enmore theatre whitesnake poster

So there you have it! My foray into collecting vinyl begins. Now all I need is a record player…

8 Responses to “Hits and Memories”


  • Gawd.

    I just listened to Is This Love by Whitesnake. “Power Ballad“. Sheesh, maybe it’s a bit dated, but it sounds pretty soft. But a great ’80s video clip (check out the double necked guitars! What were they ever for??)

    But Holy Middle America Batman! Whitesnake’s musical crimes pale into insignificance when compared with the simple-simon conservatism in which Ted Nugent continues to wallow. He’s pretty much the Pauline Hanson of the USA! See for instance this 2007 interview with him on “border security” and illegal immigration:

    ted nugent on tv

  • Luco,
    I thought I had heard the name Nugent before although I had never heard of any of his music .then I remembered he is mentioned in this little gem . listen on the 3rd pig http://www.youtube.com/watch?v=bNYi6W3v0io

    They have made a movie about Tom Petty and the Heartbreakers saw this on youtube last year http://www.youtube.com/watch?v=JEZyL074HOs

    I can’t help with a link between Mr Petty and Mr Scott though
    x Josh

  • Thanks Josh, that three little pigs video is very funny. I like the way the animator makes the pigs’ lips move. Amazing that you remembered “Pig Nugent”! It’s funny, the third pig’s use of architecture to solve a border-security issue is very similar to Ted’s solution presented in the interview I linked to above… And I have no doubts he would approve of using Rambo’s M16 to eliminate the trespassing wolf!

    And – as much as I was a fan of Tom Petty back in the late 1980s, I can’t help thinking, after watching the trailer, that a full-length doco about the guy’s life would be a little dull. There doesn’t seem to be enough “struggle against the odds” to make for an interesting story.

    At least with Acca Dacca you’ve got the great working class myths all laid out – the triumph of the little guys from nowhere hitting the big time, and then the death of their heroic leader, and miraculous comeback (let’s just not mention their subsequent decline)…

  • “So simple it’s stupid!” …indeed. Ai yi yi.

  • L

    I was on the decks at Paul Wakelin’s house in Perth for new year last year (ie 14mths ago) under my moniker ‘pg recordplayer’ (‘cos that’s what I actually do – I don’t mix, scratch or toast). I’d been playing some dancefloor favourite when I threw on my of my personal favourites, Stevie Wright’s ‘Evie Pt 3’. Note that designation. Part 3 is, for me, one of the best goddamn guitar driven dirty funk harmony tunes out of the 70s in Australia. And I’m not alone. I looked across the dancefloor to see one of Perth’s most glamourous artworld gay boy couples throw their arms up in delight at the recognition of the tune. So much for presumed musical stereotypes.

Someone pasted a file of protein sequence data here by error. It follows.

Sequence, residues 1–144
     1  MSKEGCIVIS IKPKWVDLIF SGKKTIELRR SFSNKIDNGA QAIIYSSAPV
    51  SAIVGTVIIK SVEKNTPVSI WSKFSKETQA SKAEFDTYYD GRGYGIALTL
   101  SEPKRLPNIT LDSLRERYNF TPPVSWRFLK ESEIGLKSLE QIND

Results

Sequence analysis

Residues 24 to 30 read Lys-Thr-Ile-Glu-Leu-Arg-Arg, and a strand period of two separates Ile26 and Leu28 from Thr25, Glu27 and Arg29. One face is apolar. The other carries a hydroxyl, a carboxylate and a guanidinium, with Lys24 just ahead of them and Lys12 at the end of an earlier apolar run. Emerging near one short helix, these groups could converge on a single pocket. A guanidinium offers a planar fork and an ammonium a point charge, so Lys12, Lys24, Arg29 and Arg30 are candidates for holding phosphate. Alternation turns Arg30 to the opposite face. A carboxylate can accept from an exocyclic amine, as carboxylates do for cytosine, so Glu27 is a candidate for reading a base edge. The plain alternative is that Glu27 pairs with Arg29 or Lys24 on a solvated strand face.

PS I saw Bon’s ACDC play live twice, once at a 2SM free concert on the swimming pool roof in Victoria (?) Park near Sydney Uni (Bon’s hair still stretched way down his back) and then, would you believe, at our school dance c1976/7. North Sydney Boys for any hard core fanatics who want to check. Dances were BANNED for the next year. Only clear memory. Angus leaping off the speaker stacks, and my French teacher turning to me, saying ‘He’s very energetic, isn’t he?’

    A

  • Great stories Andrew! I have been listening to Evie part 3 almost non stop since you posted this comment. It really is a great track.

    And your school story made me laugh. Hilarious to think how heterogenous the venues were that AC/DC played at (stadiums, parks, pubs, school halls…)

    And especially funny to imagine that Angus was probably the only one there dressed in a uniform at the time! I imagine you were all in your three piece suits with bow ties and cummerbunds etc. Something sacreligious about his ironic wearing of the school uniform in that setting.

  • Now that I am aware of Ted Nugent’s existence (or The Nuge, as he is known to friends) I can’t seem to open a browser window without stumbling across the conservative crooner. Here’s an article which advertises his upcoming performance in a film about the good old fashioned lynching of outlaws and troublemakers…

  • Thanks Josh, that three little pigs video is very funny. I like the way the animator makes the pigs’ lips move. Amazing that you remembered “Pig Nugent”! It’s funny, the third pig’s use of architecture to solve a border-security issue is very similar to Ted’s solution presented in the interview I linked to above… And I have no doubts he would approve of using Rambo’s M16 to eliminate the trespassing wolf!

    And – as much as I was a fan of Tom Petty back in the late 1980s, I can’t help thinking, after watching the trailer, that a full-length doco about the guy’s life would be a little dull. There doesn’t seem to be enough “struggle against the odds” to make for an interesting story.

    At least with Acca Dacca you’ve got the great working class myths all laid out – the triumph of the little guys from nowhere hitting the big time, and then the death of their heroic leader, and miraculous comeback (let’s just not mention their subsequent decline)…